Play Golf Without Clubbing Mother Nature - TheStreet

Play Golf Without Clubbing Mother Nature

It might not help your handicap, but you should look into these eco-friendly items at the golf course.
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The game of golf evokes the word "green" -- and yet many courses are far from green in the eco-friendly sense of the word. Typically golf courses use a lot of water, a lot of pesticides and a lot of fertilizer. All of those chemicals follow the water into nearby lakes and streams, causing ground water and surface water pollution. And of course, those smooth links often replace the trees and tall grasses that form important wildlife habitat.

Golf is a frustrating enough sport as it is. Take some of the stress out of your game by finding an eco-friendly golf course -- or encouraging your favorite club to go green. We'll show you how to find clubs that have reduced their water use and their use of harmful chemicals. And we'll show you how you can help maximize your own course's potential as a playable course

and

a wildlife sanctuary.

Finding an eco-friendly course

To find an eco-friendly course near your home or vacation destination, check

Audubon International's list of certified golf courses

.

Greening a golf course can take many forms. For example,

Sanctuary Golf Course at Westworld

in Scottsdale, Ariz., has received Audubon Signature status for serving as a wildlife sanctuary by protecting habitat vital to native plants and animals.

Meanwhile, the

Vineyard Golf Club

in Edgartown, Mass. and

The Resort at Squaw Creek

in Squaw Valley, Calif., use only natural biostimulants and compost instead of synthetic pesticides and fertilizers.

Meadow Lakes Golf Course

in Prineville, Ore., doubles as a wastewater disposal site. The course uses irrigation and 10 evaporation ponds to dispose of the city's wastewater.

And in March,

Marriott Golf

announced that 34 of its golf courses throughout North America and the Caribbean will be Certified Audubon Cooperative Sanctuaries by the end of 2008. To be certified, courses must meet standards for water quality and conservation, wildlife habitat management, chemical use and environmental education.

Making your course eco-friendly

There's a big push to make new golf courses eco-friendly. For example, the

Neighborhood Network of Long Island, New York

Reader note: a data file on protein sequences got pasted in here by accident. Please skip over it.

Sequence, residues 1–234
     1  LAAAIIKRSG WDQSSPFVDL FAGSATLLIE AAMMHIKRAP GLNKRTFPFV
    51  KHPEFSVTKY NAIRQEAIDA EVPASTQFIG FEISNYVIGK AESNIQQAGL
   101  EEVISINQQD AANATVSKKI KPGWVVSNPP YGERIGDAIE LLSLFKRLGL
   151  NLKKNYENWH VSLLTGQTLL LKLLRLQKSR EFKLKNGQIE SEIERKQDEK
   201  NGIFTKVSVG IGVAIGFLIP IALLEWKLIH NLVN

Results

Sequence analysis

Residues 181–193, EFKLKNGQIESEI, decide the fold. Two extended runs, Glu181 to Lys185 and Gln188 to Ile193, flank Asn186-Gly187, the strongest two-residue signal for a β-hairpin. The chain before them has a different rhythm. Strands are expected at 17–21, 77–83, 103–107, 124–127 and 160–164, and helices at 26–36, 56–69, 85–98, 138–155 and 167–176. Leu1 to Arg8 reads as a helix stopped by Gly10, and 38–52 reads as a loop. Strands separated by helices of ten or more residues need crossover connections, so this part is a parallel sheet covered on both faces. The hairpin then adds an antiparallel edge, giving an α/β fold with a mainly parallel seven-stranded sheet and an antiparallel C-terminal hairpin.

has campaigned against golf course pesticide use; recently, an organic golf course was built in their area. Even if you play at an older course, though, there's plenty you can do to encourage managers to make it greener.

Water conservation is key to sustaining an environmentally friendly golf course. And in most cases reducing water use will also save your club money. (Whether that savings trickles down to create lower greens fees is, of course, up to your club's management.) Encourage your club to properly manage the irrigation system -- to reduce evaporation, groundskeepers should only water at night or early in the morning, and make sure irrigation only happens where it's needed (i.e., by watering the grass, not the cart path). Your club can save even more water by using

rainwater

or

gray water

(treated wastewater) for irrigation.

Golf has been around much longer than most pesticides, but most courses rely on chemicals to keep pests at bay. To make your course greener, ask your club to switch to natural pesticides and fertilizers. A simple way to enhance grass growth is to leave clippings in place after mowing -- at least on fairways and in the rough. The clippings will return organic matter to the soil. Any clippings, brush and leaves that aren't left on the course can be turned into compost or

compost tea

and used as fertilizer on the course.

Of course, a green course uses as little energy as possible. Get a group of members together to raise money for a biodiesel-fueled mower and

solar-powered carts

.

Finally, a green course doubles as wildlife habitat. Encourage your club to join the

Audubon Cooperative Sanctuary Program

, which provides guidance on turning your course into a wildlife sanctuary. Members receive a site assessment and environmental planning guide from Audubon International.

Kelsey Abbott is a freelance writer in Freeport, Maine, where she lives with her husband and their dog.